This book is for you if you’ve got some programming experience and if you’re not too familiar with functional programming. It can still be useful if you’re too good for that, as we progressively go into more and more advanced topics.

The book started as a free online guide, and you can still read it that way. If you prefer the soft touch of paper, the delicious smell of a real book, the possibility to physically hug a document, or just want to boast by padding your bookcase, you can buy a few copies too (and e-books are also available)...

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The "just do it" approach works best, that's why it's a bit of a cliched response to a question like this. Find a project that you're interested in and do it in a language you're interested in, read books that run parallel to this. Expand upon it.

A large project will teach you valuable lessons like having a good grasp on the design before writting much code or(replace this or with an AND if you want to be really awesome!) keep things loose (as in loosely coupled) enough allow lower level changes without mangling a great deal on up the food chain.

The refactoring you'll have to do when you inevitably paint yourself into a corner will make you concious of design patterns and when to use them.

This is the very important bit that you will likely not encounter in school: Programming is more than n or n+1 languages. It's a combination of algorithms, languages, design paradigms and history.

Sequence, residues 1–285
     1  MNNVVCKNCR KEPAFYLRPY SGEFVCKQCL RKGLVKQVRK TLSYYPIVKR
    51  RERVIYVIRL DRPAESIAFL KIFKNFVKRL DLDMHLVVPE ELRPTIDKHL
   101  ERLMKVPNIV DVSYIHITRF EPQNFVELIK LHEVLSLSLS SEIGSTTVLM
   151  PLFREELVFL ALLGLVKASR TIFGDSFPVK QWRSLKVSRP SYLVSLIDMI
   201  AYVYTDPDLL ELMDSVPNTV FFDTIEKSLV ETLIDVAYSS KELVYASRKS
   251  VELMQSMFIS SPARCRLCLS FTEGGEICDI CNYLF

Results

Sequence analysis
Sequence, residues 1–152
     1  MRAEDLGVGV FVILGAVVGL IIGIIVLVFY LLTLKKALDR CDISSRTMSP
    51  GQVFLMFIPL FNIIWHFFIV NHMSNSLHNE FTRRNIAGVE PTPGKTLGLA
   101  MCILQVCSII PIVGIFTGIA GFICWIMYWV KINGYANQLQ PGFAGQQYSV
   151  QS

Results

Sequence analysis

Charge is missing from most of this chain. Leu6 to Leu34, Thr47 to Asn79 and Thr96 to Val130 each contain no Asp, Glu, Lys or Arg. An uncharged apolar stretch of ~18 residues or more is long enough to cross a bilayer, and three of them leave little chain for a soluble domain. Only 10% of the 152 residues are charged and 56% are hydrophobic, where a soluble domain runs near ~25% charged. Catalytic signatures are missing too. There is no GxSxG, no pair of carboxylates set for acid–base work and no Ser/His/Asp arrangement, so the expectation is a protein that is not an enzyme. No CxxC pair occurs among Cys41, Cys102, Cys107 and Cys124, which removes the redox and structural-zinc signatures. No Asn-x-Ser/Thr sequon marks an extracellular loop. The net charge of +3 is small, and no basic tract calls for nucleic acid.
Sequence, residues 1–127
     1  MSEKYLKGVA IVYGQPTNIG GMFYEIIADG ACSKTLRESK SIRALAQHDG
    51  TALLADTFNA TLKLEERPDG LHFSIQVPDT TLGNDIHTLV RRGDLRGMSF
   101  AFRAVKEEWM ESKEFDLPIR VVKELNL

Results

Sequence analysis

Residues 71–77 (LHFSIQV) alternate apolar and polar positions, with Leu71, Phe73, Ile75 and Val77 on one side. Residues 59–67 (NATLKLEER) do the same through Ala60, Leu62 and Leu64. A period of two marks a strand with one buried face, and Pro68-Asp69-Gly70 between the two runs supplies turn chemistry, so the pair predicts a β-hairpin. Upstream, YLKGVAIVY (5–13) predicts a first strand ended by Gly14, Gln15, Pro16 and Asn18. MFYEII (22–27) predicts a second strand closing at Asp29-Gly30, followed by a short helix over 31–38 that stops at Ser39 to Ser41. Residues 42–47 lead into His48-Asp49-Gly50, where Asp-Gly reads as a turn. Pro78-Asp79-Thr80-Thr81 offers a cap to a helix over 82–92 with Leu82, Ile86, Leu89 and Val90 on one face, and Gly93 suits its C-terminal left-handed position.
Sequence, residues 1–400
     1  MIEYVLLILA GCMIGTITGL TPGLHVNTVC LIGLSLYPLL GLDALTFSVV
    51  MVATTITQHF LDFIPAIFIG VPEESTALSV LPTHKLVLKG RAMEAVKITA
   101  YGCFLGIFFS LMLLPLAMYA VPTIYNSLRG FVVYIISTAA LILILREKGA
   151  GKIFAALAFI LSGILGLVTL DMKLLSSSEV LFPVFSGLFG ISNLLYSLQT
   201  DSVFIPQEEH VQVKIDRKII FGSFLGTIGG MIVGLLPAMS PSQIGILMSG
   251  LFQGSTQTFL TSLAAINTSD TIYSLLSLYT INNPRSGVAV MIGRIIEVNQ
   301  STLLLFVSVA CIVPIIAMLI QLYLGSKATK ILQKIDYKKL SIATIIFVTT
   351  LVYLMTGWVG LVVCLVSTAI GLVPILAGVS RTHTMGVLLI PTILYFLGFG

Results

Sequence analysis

Although it certainly helps to master a couple languages if you want some sort of career! I'd suggest digging deeper into metaprogramming concepts. The art and science of programming is about wielding tools to create tools.

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Currently I'm learning Ruby's syntax actively and want to keep going with that and I think you're right because I've seen a lot of books and after reading half the book, I feel like I've just learned a lot about the author and less about programming. What do you mean by metaprogramming concepts? –  Muhammad Usman Oct 26 '10 at 1:04
Metaprogramming in the simplest manner is programming to facilitate programming. Things like find and replace using regular expressions, creating and using macros, and monkey patching (or duck punching for rubyists) are examples of metaprogramming by this definition. An interesting and rather short read for me was the productive programmer as well as metaprogramming ruby. I've been very happy with books put out by pragpub. –  MushinNoShin Oct 26 '10 at 4:16

Basically, to learn to program, you need a tutorial, a reference, the compiler/interpreter, time, and dedication. It also helps to have a guiding person. Decent college classes accelerate the process somewhat for the average person.

Pick something you want to learn and put your nose to the grindstone.

To learn to code takes about 6 months. To be somewhat competent takes about 2 years. To know what you're doing takes 5-6 years. To be good takes 10 years. Time may vary slightly depending on how natural you are for sequential logic thinking.

Put another way: you will to write something on the order of 15,000 lines of code before you're an ok coder. (That's 3-5 small projects that aren't trivial). 100,000 LoC is sorta an experienced coder. Lines of code is a terrible metric, but all the other metrics are worse.

I recommend Haskell or Scheme if you have a mathematical bent, C if you like electronics, and one of Perl/Python/Ruby for the web. Javascript is a nightmare of a language (There's a reason Crocker wrote an article called "The Good Parts"), and should be avoided for initial programming learning.

There is no substitute for experience, unless it's experience not repeating the same mistakes.